Wavelength and shape dependent SERS study to develop ultrasensitive nanotags for imaging of cancer cells†
The Raman signal enhancement depends mainly on four critical factors. These factors are localized surface plasmon resonance (LSPR) of gold substrates along with shape and electronic absorbance of Raman reporters along with laser sources. Hence, the effects of all these four parameters were systematically studied by changing either the different geometries/shapes of the gold substrates having a wide range of SPR or electronic absorbance of Raman reporters under a fixed laser excitation of 633 nm or 785 nm. Enhancement factor (EF) values were evaluated for each individual substrate with respect to five different Raman reporters which cover the maximum absorbance from 530 nm to 800 nm. The EF values suggest that the signal intensity has been increased by at least ten times compared to previous reports. Among the five different shapes of the gold nanoparticles, the substrate of gold nanostars (GNSt) was found to be the most suitable substrate for the highest signal enhancement under both excitation laser sources. The substrate of gold nanosphere (GNSp) is the second best at 633 nm laser excitation; however it is the modest substrate for SERS enhancement at 785 nm laser excitation. After finding the key tools for the development of ultrasensitive SERS nanoprobes, we selected the best Raman reporter (Cy7LA) for the development of biocompatible SERS nanotags in three different SERS substrates for the effective detection of cancer cells under 785 nm laser source.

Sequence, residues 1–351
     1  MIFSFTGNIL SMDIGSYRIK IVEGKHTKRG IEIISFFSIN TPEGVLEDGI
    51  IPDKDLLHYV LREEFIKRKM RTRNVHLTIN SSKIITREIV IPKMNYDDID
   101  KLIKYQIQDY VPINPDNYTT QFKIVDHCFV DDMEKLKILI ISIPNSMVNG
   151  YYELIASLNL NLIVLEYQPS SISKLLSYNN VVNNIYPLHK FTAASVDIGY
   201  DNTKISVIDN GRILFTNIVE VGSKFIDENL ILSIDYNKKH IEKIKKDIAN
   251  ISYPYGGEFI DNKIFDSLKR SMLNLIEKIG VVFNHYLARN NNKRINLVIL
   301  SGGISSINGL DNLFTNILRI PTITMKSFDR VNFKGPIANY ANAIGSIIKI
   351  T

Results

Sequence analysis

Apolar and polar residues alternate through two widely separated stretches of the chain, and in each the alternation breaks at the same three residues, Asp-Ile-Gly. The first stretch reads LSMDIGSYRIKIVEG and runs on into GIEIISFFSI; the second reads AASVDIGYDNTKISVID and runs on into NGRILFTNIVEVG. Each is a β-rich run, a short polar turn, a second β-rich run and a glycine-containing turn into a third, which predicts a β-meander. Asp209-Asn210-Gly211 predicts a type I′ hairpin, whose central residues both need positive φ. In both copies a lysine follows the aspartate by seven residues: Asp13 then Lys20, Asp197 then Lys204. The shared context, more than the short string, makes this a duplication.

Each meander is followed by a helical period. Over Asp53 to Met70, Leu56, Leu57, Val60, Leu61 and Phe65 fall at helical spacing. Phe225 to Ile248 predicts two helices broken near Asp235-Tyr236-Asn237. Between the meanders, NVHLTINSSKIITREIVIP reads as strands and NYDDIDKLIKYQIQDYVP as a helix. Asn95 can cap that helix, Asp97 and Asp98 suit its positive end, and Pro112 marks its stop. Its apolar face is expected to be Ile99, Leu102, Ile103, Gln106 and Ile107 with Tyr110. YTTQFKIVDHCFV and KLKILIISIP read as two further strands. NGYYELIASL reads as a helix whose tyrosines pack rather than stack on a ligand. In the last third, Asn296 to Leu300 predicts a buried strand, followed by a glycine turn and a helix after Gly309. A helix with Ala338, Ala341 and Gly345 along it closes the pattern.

- This article is part of the themed collection: Cellular and Tissue Imaging – Luminescent Tags and Probes